QuickSIN vs ACT comparison

QuickSIN vs. ACT: What’s the Difference?

05/22/24

This blog explains the differences between QuickSIN and the Interacoustics Audible Contrast Threshold (ACT) test.

QuickSIN is a test that assesses an individual's ability to understand speech in background noise. It consists of a series of sentences presented at different signal-to-noise ratios (SNRs), with the background noise level increasing gradually.

This speech in noise (SIN) test measures the SNR at which the listener can accurately repeat at least 50% of the sentences. A lower SNR score on the QuickSIN test indicates better speech understanding in noise, while a higher SNR score suggests greater difficulty with speech perception in noisy environments.

QuickSIN is valuable for identifying hearing difficulties related to speech perception in challenging listening situations and can aid in selecting appropriate hearing aid technology levels. QuickSIN scores can also be used to counsel patients and to monitor changes in hearing in noise ability over time.

QuickSIN test as seen on the Interacoustics AC40 audiometer

QuickSIN test as seen on the Interacoustics AC40 audiometer

 

The Audible Contrast Threshold (ACT) test by Interacoustics is a diagnostic tool that predicts aided speech in noise ability for individuals with hearing loss. Unlike traditional SIN tests, ACT is unique because it uses modulated noise signals instead of speech stimuli and shapes that stimuli according to the audiogram. This approach allows for precise assessment of a person's aided hearing ability in noisy environments.

By using modulated noise signals, the ACT test is a language-independent evaluation, enabling accurate predictions of aided SIN performance regardless of the individual's language background. This feature makes ACT a versatile tool for assessing a wide range of patients, including those who do not speak English.

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Clinician performing the ACT test using the Interacoustics Affinity Compact

ACT offers a normalized Contrast Level (nCL) or ACT value, which accurately predicts how well a person will perform in noisy environments even while wearing hearing aids. The ACT value can be used to customize advanced features in hearing aids, leading to a more personalized and effective treatment approach.

QuickSIN evaluates speech perception in background noise, specifically in English, providing an SNR score to represent the degree of difficulty. It serves as a counseling tool, aids in selecting hearing aid technology levels, and documents hearing in noise ability over time.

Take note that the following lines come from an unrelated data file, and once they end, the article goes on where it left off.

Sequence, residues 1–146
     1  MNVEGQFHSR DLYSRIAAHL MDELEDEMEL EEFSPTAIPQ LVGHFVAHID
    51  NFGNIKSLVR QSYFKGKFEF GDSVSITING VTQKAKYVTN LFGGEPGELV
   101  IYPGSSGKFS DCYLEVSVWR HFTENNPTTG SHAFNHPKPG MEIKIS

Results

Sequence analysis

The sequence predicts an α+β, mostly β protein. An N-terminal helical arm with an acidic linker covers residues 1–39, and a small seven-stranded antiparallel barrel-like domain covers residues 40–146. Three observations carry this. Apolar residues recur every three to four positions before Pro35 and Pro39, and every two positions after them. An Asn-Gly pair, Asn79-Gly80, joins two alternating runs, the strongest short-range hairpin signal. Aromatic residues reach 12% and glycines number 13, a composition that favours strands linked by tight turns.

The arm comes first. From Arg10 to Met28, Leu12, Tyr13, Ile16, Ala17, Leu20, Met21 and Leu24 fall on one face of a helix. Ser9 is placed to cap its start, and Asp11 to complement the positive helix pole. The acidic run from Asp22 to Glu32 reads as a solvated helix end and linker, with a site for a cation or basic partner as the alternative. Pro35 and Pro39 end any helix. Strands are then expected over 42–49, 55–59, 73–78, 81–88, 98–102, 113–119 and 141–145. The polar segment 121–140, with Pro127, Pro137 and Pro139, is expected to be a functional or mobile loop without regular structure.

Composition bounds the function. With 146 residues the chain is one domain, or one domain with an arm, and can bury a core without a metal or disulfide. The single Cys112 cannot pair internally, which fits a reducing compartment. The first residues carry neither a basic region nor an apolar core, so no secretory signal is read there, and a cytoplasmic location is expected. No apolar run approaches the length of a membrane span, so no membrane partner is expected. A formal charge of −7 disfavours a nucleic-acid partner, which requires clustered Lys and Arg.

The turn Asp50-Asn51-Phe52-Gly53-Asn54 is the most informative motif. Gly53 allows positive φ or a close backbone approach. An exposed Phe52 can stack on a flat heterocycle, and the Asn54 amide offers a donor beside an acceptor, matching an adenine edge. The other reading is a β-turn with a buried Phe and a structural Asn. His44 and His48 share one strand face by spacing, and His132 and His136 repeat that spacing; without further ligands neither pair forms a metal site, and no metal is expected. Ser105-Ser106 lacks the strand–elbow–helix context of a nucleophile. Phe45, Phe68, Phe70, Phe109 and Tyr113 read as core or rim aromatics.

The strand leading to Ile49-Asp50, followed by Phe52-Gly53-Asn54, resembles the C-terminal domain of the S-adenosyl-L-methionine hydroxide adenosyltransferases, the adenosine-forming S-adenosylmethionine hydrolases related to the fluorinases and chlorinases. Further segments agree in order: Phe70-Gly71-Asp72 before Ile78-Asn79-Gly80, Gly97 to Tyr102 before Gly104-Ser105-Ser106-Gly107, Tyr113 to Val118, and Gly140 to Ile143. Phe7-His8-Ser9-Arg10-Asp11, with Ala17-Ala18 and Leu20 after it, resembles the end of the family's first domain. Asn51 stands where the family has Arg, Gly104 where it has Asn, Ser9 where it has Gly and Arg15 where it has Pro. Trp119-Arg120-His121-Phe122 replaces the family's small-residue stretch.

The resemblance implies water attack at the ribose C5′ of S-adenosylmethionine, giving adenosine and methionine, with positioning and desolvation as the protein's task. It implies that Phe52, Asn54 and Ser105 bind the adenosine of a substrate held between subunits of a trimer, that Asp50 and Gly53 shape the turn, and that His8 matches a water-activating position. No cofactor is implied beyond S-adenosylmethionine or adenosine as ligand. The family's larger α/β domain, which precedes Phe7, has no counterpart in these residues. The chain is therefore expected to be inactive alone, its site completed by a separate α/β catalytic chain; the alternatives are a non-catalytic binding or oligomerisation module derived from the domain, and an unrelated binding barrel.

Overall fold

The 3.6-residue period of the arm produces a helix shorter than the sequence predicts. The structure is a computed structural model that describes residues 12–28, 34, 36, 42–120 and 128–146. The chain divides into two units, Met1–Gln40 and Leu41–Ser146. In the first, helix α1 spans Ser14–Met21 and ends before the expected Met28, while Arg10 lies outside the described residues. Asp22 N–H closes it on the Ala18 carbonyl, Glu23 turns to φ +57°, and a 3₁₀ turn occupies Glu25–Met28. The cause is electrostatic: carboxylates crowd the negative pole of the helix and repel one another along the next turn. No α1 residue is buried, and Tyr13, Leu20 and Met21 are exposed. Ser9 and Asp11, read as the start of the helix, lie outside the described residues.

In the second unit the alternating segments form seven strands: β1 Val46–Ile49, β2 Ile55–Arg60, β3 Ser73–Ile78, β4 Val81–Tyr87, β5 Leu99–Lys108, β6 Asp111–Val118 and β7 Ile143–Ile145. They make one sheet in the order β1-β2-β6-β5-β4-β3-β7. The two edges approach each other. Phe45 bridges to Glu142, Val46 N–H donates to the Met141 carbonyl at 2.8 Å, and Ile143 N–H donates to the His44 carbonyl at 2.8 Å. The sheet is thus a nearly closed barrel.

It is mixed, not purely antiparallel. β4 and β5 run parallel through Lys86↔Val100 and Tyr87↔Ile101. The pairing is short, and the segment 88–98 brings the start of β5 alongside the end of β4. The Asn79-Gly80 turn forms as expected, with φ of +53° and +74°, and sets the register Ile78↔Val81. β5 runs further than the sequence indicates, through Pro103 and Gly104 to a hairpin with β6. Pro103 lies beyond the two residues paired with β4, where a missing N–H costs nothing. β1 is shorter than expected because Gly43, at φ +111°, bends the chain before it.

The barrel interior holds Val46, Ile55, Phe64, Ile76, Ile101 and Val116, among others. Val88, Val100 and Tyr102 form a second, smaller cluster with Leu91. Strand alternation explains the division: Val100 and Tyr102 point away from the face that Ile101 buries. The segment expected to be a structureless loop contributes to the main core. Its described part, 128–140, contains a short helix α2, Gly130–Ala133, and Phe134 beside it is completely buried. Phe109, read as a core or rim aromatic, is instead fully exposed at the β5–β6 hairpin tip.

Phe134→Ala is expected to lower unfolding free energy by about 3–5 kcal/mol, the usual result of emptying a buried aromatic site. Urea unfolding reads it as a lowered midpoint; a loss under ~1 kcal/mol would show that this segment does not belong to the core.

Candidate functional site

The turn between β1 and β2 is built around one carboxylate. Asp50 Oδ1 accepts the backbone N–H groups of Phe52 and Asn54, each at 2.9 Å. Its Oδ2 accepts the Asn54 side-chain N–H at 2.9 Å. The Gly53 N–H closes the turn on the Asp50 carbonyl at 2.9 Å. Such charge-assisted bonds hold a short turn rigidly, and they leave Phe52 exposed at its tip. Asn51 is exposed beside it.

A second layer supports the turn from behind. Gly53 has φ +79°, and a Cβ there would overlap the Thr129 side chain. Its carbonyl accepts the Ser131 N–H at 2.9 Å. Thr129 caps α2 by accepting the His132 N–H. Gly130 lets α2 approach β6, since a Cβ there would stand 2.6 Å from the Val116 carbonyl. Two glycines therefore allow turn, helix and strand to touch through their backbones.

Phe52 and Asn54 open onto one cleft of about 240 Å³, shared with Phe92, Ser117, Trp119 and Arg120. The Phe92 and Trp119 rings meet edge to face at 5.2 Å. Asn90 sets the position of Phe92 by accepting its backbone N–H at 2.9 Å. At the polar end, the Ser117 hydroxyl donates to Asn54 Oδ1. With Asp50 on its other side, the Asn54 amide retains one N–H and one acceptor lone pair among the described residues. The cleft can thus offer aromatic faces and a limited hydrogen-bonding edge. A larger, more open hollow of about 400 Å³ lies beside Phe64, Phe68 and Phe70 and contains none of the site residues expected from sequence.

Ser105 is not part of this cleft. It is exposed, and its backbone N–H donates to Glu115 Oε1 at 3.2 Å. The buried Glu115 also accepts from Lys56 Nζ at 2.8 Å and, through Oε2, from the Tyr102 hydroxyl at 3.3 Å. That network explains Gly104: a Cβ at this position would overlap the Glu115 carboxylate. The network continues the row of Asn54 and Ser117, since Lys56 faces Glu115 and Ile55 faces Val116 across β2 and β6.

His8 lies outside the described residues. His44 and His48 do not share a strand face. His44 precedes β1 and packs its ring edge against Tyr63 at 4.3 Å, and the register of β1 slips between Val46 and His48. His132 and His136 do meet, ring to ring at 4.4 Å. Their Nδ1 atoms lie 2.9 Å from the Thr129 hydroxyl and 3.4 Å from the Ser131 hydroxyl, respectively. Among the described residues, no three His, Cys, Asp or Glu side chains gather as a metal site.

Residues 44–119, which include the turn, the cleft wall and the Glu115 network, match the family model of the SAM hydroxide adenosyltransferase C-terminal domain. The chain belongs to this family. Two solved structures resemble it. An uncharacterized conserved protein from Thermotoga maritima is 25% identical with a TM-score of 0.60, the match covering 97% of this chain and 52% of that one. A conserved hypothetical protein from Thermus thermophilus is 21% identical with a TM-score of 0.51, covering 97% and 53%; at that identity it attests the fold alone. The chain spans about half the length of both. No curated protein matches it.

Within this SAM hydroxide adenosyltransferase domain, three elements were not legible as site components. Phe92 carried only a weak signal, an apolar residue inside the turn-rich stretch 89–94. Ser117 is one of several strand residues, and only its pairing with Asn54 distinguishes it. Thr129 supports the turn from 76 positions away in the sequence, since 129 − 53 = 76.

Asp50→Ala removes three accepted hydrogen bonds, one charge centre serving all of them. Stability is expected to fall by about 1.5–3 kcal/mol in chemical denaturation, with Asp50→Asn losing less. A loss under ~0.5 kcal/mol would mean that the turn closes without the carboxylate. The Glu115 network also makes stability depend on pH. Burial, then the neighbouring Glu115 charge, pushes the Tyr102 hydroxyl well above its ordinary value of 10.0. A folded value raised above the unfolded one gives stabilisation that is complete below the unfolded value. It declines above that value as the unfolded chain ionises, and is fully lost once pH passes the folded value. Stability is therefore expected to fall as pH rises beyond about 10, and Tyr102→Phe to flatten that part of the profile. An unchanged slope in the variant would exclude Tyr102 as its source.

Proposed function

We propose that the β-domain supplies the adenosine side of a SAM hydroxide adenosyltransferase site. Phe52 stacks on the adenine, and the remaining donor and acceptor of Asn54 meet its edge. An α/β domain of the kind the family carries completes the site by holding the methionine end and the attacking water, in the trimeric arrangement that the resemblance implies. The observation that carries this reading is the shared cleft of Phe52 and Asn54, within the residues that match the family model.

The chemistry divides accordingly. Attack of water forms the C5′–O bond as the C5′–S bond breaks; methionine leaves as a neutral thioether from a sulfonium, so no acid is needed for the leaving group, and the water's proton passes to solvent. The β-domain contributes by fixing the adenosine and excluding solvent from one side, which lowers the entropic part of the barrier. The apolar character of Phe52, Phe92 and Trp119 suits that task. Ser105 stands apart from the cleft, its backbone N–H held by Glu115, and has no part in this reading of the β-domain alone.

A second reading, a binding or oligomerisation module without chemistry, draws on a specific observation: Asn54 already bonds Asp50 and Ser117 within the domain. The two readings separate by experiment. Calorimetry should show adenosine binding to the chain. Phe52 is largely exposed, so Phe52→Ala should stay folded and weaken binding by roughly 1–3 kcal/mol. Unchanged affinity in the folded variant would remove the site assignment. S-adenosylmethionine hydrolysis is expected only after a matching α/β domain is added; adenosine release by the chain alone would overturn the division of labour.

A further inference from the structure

ACT utilizes modulated noise signals that are clearly heard by the patient, making it a language-independent test to predict aided speech-in-noise (SIN) performance. ACT serves as a counseling tool and aids in prescribing hearing aid technology levels and assistive listening devices (ALDs).

ACT offers a significant advantage over QuickSIN as it provides an accurate prediction of a patient’s real world aided speech in noise performance. It also supports hearing professionals in customizing advanced features in hearing aids based on the patient's ACT value.

This capability enhances the level of personalized treatment provided. These adjustments can occur automatically based on the manufacturer's software, or clinicians can manually adjust the hearing aid settings, depending on the software used. Also, since ACT is a non-linguistic test, it can assess patients who do not speak English.


Scoring the QuickSIN test involves determining the SNR (in decibels) at which the patient can correctly repeat at least 50% of the sentences. A lower SNR score indicates better speech understanding in noise. Higher SNR scores suggest greater difficulty with speech perception in noise.

The ACT value helps customize advanced features on hearing aids to make them work best for patients. It gives clear advice during the fitting process, which can improve how well the hearing aids work, especially in noisy places.

Furthermore, Oticon, Philips, Bernafon and Sonic hearing aids automatically take the ACT value into their fitting software to prescribe advanced fitting features. For other hearing aid brands, manual adjustments can be made during the fitting process using the ACT fitting advice.

ACT Chart

Are you interested in learning more about ACT? Contact your local e3 Diagnostics sales representative today or visit our ACT page to submit a request.


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ACT vs QuickSIN video image

Watch Now: ACTTM vs. QuickSIN with Dr. Ashley Hughes of Interacoustics


Other Good Reads: The Audible Contrast Test (ACT™) Quick Guide


 

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